Six Tips for Negotiating the Best Deal on Firearms

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My Colt Detective Special. I negotiated a pretty good deal on this beauty.

When selling guns, remember, everything is negotiable!  We’ll get to that in a moment, but first some backstory.

When I was in college more than a decade ago, I was majoring in English.  Why English?  Well, that’s what everyone asked me at the time.  My parents, my friends, my coworkers would all grill me about my major, saying something along the lines of, “What the heck are you going to do with a degree in English?  Teach?  You want to be a teacher?”

“No, I don’t want to teach,” I’d respond.  I wanted to be a writer, but saying so only lead to further inquisition.  “Writer?  What are you going to write?  Like, books?  How are you going to make a living doing that?”

To be fair, the question wasn’t without merit.  In my blue-collar neighborhood, you either became a cop, a fireman, a construction worker or a bartender.  “Writer” just wasn’t an option.   

Knowing that my dream of becoming Norman Mailer was a long shot, I decided to hedge my bet.  So, in my junior year, I complemented my formal education with something more conventional.  I became a salesman.  A Realtor to be exact.

What I quickly learned is that everyone is a salesman, even if they don’t know it.  See, at the very least, you’re constantly selling yourself to those around you.  I mean, what do you think a job interview is?  It’s really just a sales pitch.  What’s the product?  You are.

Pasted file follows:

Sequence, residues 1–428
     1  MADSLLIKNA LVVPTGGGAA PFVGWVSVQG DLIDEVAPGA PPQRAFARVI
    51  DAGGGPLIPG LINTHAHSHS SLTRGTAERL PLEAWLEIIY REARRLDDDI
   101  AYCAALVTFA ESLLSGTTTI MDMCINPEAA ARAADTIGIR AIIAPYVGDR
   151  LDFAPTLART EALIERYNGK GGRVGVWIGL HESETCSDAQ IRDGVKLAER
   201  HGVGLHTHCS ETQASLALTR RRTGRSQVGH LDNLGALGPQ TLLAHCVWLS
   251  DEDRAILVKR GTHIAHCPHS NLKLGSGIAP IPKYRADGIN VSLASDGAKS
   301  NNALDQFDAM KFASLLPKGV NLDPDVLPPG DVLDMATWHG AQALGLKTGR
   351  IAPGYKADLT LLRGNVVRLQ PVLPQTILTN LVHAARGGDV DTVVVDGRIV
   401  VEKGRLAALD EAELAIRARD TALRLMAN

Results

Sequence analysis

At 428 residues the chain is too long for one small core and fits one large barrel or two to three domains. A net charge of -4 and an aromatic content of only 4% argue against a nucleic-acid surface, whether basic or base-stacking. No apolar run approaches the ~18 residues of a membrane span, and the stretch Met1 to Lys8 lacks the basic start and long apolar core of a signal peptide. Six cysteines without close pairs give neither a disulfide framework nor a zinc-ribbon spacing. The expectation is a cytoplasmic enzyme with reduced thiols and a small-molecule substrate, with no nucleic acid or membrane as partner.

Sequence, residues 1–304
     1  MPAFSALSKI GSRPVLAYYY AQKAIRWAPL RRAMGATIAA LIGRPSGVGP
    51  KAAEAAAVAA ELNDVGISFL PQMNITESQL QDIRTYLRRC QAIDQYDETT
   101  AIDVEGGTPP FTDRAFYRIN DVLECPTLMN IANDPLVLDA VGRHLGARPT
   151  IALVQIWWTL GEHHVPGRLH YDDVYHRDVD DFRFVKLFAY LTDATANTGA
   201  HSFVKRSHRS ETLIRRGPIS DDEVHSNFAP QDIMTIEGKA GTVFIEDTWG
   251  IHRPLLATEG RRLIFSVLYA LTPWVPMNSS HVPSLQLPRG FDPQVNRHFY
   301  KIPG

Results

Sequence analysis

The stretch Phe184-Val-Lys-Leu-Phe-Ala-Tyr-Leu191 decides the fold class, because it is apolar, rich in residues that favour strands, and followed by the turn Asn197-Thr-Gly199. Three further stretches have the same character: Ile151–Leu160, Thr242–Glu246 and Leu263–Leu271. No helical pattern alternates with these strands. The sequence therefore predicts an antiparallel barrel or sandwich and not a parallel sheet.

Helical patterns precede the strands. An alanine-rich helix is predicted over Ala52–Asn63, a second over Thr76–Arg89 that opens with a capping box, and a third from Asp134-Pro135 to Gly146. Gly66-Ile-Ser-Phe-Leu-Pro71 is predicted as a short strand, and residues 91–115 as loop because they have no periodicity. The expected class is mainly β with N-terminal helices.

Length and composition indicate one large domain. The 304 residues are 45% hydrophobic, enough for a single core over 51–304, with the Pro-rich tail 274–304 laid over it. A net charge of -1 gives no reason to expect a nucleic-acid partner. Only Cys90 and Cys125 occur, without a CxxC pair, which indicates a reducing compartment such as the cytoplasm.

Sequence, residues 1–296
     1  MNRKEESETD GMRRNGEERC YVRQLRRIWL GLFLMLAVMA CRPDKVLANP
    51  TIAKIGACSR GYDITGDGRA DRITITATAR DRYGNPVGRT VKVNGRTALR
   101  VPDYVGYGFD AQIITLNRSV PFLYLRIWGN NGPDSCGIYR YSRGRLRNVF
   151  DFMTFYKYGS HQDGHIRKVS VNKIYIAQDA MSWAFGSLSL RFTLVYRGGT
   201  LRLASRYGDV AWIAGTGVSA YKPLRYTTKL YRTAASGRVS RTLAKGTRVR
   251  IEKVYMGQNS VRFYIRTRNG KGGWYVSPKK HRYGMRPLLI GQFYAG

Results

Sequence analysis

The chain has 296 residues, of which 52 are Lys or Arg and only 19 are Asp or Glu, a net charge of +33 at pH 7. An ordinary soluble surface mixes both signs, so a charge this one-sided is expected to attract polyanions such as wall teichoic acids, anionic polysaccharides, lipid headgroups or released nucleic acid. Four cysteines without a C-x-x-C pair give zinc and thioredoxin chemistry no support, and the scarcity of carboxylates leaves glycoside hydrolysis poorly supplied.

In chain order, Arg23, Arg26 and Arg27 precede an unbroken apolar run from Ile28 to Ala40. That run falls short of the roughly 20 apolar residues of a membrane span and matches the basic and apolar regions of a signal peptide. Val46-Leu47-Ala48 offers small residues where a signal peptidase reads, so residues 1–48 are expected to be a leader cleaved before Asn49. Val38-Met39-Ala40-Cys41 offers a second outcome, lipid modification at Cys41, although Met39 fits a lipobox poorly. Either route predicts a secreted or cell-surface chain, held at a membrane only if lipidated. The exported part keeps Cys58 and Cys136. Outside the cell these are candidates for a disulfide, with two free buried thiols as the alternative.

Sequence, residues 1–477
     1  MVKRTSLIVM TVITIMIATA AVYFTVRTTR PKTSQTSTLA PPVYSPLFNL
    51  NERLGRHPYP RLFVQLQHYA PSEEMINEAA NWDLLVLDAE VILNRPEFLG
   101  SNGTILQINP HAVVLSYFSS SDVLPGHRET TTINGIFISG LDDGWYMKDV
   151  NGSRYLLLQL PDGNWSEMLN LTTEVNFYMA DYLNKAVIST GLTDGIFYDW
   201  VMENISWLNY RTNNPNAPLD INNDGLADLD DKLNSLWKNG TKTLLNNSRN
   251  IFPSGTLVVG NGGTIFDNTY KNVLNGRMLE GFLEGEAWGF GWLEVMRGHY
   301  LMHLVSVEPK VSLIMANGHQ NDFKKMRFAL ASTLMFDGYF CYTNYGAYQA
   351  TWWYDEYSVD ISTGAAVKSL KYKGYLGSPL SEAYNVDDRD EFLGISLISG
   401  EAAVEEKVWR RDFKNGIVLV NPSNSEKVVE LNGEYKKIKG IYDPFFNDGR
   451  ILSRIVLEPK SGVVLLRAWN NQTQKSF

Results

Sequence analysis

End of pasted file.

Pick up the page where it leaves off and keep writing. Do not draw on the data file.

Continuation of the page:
Recognizing this is a game changer.  Because once you know that you are indeed a salesman, you realize the importance of knowing how to sell.  I’m not going to delve into the ins and outs of selling here, but I want to touch on one of the cornerstones: negotiation, more specifically the sales maxim that everything is negotiable!

SEE ALSO: Blannelberry Gets His Concealed Carry Permit: EP. 3: Buying The Gun On GunsAmerica

One of the sales managers at the real estate company I worked for was fond of telling us a story of how he walked into a McDonald’s for 38 straight days trying to negotiate the price of a cheeseburger.   Each day the manager of the McDonald’s responded to his request for a $0.69 cheeseburger by saying, “I’m sorry, sir, they’re $0.89.” Until finally, on the 38th day, he received his $0.69 cheeseburger.  The McDonalds employee relented and sold my sales manager the $0.69 cheeseburger.

The point he was making that even things that you don’t think aren’t negotiable are negotiable.  It may take more time and patience and persistence, but everything is negotiable.  Even a non-negotiable cheeseburger at McDonald’s.

Of course, the price of a firearm is negotiable.  A few weeks ago I wrote an article that pissed a lot of people off.  It wasn’t my intention to cause a ruckus.  All I wanted to say is that complaining about the MSRP of a firearm is a waste of time because at the end of the day the market determines the price and if you don’t like the market price, that’s a you problem — not a pricing problem with the gun itself.

Six Tips for Negotiating

But now I want to continue this talk and add that just because the market price is set doesn’t mean you can’t get the firearm for less.  Simply put, negotiate!  With that in mind, I wanted to give you some tips on how to negotiate the best deal possible for a firearm.